Another issue for Boyd last week was a Home Owners Association park that was described as too small for development.
The new plan includes additional green space, totaling 5.23 acres of parkland, which at around 5.23 acres per 1,000 people is much higher than the recently adopted parks master plan recommended by a acre per 1,000 population. To accomplish this feat, the developer activated two drainage routes, in the northeast and west parts of the development, to include a multipurpose field in the first, and a swing and pet waste stations in the second, among other amenities.
Additionally, Meshier explained that the project’s HOA would be controlled by a third-party management company to manage and administer the affairs of the HOA.
The final piece of the PUD puzzle was a request from city staff and council not to include “snout houses” in development plans. “Snout houses” are houses whose garages occupy more than 50% of the foreground of the house facing the street.
So far, the developer has not accepted the request, arguing instead that it would significantly reduce the number of floor plans available for the neighborhood. Instead, the developer agreed to limit the number of “snout houses” to those with a 25-foot setback – or all other lots.
Councilwoman Jessica Gonzalez thanked Welch for her work in responding to many requests from city council.
“Thank you for considering our concerns and incorporating them into our presentation,” she said.
Welch responded by calling it a “joint effort” and a “partnership.”
“It’s a partnership,” he says. “We are building neighborhoods for our community, for the people here.”
Several other items were also discussed at Tuesday’s meeting.
The City Council has received an update from the Tanko Consulting Group regarding the possible takeover of the Killeen Streetlights. Currently, the energy company Oncor owns the Killeen lamps, charging a rate of around $10 per lamp per month. Killeen currently uses 4,539 streetlights, the cost of which, according to Tanko representatives, can be reduced to around 43 cents per streetlight.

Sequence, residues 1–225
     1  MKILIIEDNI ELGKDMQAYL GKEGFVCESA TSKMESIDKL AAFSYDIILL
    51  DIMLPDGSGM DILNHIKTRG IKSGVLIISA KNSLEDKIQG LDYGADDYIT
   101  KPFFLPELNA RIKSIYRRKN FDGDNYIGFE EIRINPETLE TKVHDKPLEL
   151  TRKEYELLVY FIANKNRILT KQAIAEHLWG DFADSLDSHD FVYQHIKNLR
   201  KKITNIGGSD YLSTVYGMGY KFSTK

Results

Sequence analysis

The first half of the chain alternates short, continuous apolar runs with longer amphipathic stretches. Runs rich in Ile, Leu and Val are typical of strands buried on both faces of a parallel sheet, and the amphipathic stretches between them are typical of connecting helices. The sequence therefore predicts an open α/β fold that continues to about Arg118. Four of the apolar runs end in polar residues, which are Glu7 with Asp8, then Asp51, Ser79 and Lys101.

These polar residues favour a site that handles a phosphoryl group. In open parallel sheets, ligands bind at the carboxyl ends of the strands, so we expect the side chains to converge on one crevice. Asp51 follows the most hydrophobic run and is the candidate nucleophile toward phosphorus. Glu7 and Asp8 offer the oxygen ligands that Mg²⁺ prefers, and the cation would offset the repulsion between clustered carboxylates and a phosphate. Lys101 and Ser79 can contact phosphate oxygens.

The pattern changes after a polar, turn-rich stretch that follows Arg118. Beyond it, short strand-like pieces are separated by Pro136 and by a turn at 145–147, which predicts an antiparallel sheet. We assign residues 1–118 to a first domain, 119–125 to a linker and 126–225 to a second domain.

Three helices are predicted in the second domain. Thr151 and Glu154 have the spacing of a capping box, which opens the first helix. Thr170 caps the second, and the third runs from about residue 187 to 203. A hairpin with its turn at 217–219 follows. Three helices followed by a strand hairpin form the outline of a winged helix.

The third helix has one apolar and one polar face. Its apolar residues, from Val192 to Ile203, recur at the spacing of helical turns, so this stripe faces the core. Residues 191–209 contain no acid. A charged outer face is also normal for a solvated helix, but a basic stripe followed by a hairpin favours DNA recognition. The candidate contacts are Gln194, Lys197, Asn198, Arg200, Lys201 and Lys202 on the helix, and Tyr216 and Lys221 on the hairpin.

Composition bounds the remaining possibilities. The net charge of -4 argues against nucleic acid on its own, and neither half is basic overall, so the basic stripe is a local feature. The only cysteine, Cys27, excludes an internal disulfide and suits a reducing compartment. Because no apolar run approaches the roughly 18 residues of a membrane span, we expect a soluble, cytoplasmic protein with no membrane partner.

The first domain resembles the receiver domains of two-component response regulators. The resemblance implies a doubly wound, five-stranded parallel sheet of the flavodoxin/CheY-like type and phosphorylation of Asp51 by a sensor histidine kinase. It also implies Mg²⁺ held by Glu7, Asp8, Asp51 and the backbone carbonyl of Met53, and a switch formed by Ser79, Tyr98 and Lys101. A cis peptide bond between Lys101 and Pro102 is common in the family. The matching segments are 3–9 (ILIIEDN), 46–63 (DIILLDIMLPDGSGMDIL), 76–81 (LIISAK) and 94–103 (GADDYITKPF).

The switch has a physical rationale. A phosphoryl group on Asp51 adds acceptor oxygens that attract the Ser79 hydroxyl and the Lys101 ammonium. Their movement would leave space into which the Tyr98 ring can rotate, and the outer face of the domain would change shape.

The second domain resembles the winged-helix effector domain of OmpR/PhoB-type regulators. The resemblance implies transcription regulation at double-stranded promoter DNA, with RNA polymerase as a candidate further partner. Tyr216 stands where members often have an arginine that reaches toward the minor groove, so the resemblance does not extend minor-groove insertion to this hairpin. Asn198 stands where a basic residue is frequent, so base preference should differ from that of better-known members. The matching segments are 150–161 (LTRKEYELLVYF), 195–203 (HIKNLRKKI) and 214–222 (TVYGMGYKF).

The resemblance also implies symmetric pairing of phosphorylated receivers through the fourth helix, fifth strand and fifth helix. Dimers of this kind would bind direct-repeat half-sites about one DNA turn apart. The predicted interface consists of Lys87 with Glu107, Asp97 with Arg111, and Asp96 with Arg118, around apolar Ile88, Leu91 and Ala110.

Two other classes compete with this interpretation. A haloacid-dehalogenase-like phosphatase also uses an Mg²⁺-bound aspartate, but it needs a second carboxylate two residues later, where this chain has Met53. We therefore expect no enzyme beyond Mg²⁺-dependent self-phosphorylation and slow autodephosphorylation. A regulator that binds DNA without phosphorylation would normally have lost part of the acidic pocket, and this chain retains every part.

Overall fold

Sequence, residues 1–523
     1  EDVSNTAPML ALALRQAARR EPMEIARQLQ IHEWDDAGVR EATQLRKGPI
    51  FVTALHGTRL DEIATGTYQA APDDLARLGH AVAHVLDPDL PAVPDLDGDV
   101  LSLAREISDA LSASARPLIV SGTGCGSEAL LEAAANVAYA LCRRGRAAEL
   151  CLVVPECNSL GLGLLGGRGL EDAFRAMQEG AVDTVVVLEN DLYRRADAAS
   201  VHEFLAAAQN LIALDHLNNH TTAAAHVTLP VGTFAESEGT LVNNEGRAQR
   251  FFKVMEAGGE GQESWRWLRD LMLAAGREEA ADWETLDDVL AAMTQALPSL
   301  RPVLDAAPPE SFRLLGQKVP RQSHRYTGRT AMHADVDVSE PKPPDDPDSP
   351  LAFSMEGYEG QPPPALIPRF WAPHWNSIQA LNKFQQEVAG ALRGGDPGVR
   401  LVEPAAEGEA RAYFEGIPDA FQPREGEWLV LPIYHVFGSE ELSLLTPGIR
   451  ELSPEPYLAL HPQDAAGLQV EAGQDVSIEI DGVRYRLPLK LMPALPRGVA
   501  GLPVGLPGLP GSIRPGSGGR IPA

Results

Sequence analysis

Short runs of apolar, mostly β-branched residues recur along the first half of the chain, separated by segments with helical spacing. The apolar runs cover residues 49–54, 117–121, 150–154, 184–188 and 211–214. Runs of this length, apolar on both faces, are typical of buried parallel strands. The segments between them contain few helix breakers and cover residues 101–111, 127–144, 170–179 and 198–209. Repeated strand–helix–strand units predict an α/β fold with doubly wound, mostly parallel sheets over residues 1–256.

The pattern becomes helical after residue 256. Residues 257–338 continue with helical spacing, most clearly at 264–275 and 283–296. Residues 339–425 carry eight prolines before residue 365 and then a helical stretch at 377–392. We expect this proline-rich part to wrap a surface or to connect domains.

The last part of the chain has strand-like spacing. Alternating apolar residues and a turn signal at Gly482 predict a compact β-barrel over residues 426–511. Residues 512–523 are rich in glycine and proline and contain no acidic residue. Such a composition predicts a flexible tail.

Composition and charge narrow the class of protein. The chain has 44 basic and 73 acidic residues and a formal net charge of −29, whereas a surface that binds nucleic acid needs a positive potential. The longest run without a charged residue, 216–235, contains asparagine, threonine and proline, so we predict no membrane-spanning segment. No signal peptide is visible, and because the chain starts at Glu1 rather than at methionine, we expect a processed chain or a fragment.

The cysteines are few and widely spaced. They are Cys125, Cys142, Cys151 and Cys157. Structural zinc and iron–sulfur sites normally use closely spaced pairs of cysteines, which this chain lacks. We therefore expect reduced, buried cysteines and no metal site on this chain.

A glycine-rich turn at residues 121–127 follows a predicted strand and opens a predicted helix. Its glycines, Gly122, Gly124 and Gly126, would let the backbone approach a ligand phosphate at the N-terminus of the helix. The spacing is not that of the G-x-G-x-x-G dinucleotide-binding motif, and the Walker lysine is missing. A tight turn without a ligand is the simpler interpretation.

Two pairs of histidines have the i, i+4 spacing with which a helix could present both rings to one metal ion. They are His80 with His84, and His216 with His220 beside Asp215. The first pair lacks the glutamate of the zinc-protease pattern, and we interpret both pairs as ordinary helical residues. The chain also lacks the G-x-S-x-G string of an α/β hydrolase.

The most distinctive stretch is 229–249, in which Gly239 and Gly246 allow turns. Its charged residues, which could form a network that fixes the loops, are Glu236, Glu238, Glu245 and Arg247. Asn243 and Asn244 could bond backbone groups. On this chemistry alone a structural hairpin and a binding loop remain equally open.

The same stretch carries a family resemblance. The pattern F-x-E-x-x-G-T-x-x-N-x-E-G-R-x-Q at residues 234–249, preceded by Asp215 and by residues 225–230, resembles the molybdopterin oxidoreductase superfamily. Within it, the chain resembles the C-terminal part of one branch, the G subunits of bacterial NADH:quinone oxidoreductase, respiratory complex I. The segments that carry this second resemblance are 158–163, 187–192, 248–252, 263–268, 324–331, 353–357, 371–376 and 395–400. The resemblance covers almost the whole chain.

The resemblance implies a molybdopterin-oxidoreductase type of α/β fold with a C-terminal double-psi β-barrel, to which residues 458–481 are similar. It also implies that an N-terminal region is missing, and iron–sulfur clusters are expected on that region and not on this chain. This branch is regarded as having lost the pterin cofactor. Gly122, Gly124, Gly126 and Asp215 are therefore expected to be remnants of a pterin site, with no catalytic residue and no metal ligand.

However, City Manager Kent Cagle warned the City Council that Oncor would not want to agree to a takeover and would likely try to go to litigation.
The city council unanimously agreed to direct Cagle to send an initial letter of offer to Oncor for the purchase of its street lights.
The city council has also agreed to enter into an interlocal agreement with the Central Texas Council of Governments to host a hazardous waste event in Killeen, for up to $45,000.
In addition, the city re-enacted its financial governance policy, with revisions. The changes included the new water and wastewater impact charges, as well as the new water tariff and additional budget categories.
The city also agreed to modify the 2019-20 fiscal year annual action plan to use CARES Act funding to pay for coronavirus relief.
Finally, a partnership between the city, Habitat for Humanity and Cove House to create the “From Homelessness to Shelter” project, a homelessness assistance program that aims to rehabilitate homeless people with a multi-level designed to promote healthy living and financial responsibility.